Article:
Criticizing the Oneness of Transcendental Idealism

Discussion in 'Extended Consciousness & Spirituality' started by Sciborg_S_Patel, Mar 14, 2016.

  1. Note - I'm basing this on others' criticisms from other threads, figure this is a good centralized thread for discussion.

    On a mundane level does this sense of "All is One" promote a collectivist ideology? Personally I don't think so and leave it to others to make that case.

    There is another level of criticism, that post-mortem survival in sense that one reunites with Mind @ Large is as much a journey to oblivion as brain-death in materialism would be.

    Beyond Physicalism goes into some other issues James had with Oneness:

    "Encouraged by Myers, Fechner, and Bergson, as described above, James now postulates the existence of still higher-order integrations, expressions of an ongoing, evolving process, the current highest stage of which is a tremendous conscious reality of some sort corresponding to the common person’s notion of God. But James’s is a finite, incomplete, and imperfect God that falls short of total integration and thus has some sort of external environment of its own. This allows, in James’s view, both for the possibility of evil that does not originate within God himself, and for the possibility of its eradication over time through the ethically grounded efforts of human beings equipped with free will. That highest-level reality might also be in some respects like us, for example in ignoring, forgetting, or failing to notice things going on at lower levels, thus affording a desirable sort of “intimacy.” For all these reasons James prefers his pluralistic doctrine to its main contemporary rival, absolute idealism as conceived by philosophic colleagues such as Royce and Bradley. Their doctrine just cannot be right, James (1909/ 1971) thinks: its “thin,” abstract, timeless, static, all-encompassing and already perfect One—“ the unintelligible pantheistic monster” (p. 271)— seems to him an abominable and alien fiction remote from real experience, the pernicious result of abstract intellectualizing unconstrained by empirical data."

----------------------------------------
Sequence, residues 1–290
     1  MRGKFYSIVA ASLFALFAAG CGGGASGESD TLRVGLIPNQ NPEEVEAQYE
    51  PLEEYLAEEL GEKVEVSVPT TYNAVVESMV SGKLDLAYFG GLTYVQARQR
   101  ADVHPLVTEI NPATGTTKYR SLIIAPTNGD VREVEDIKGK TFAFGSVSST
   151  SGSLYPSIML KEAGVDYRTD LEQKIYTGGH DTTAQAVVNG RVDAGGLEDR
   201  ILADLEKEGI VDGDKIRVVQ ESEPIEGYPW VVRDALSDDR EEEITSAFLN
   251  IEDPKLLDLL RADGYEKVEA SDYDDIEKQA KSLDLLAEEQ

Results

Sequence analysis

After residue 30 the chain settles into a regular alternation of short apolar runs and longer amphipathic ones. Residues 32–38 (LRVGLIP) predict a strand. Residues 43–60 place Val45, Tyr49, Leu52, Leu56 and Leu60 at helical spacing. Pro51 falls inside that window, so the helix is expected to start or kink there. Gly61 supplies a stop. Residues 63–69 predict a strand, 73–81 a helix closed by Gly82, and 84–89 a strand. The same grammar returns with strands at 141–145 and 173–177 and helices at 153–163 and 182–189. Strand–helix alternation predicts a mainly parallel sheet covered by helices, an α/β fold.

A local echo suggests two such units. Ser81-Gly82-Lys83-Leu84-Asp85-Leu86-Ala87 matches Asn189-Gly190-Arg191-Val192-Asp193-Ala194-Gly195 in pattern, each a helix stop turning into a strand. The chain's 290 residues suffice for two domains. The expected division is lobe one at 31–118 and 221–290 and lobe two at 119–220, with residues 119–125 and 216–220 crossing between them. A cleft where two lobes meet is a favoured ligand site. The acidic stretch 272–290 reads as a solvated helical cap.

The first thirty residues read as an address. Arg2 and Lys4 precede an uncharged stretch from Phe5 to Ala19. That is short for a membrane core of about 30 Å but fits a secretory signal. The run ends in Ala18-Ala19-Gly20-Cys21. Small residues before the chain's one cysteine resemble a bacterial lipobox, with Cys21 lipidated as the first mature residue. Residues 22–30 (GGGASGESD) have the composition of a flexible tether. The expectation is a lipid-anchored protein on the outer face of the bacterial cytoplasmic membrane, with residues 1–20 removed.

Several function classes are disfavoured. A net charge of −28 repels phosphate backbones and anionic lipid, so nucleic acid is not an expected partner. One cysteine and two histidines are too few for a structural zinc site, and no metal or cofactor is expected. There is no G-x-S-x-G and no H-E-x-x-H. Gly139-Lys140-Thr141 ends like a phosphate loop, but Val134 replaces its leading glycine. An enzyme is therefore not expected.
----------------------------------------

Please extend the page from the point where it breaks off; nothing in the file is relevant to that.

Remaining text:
(2015-02-19). Beyond Physicalism: Toward Reconciliation of Science and Spirituality (Kindle Location 9748). Rowman & Littlefield Publishers. Kindle Edition.

    And also:

    For Bradley, the rationalist, what is ultimately real is the eternal Absolute, to which all experience past, present, and future is simultaneously present. The idea that time is real and the future genuinely open therefore seems an illusion, along with that of genuinely free will. For James, the empiricist, lived experience in the world of temporal becoming is the ultimate reality, and purposeful actions of his human players are both needed and not fully determined.[

    (2015-02-19). Beyond Physicalism: Toward Reconciliation of Science and Spirituality (Kindle Locations 9795-9799). Rowman & Littlefield Publishers. Kindle Edition.
     
    Last edited by a moderator: Mar 16, 2016
  2. Far.From.Here

    Far.From.Here New

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    Good stuff.
     
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  3. Raimo

    Raimo New